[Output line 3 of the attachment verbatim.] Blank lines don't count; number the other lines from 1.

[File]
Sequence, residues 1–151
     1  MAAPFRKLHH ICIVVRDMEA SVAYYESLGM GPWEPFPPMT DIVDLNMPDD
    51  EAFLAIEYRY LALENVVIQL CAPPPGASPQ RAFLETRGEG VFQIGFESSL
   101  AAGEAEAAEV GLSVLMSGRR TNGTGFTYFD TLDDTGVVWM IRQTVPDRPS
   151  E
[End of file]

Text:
    51  EAFLAIEYRY LALENVVIQL CAPPPGASPQ RAFLETRGEG VFQIGFESSL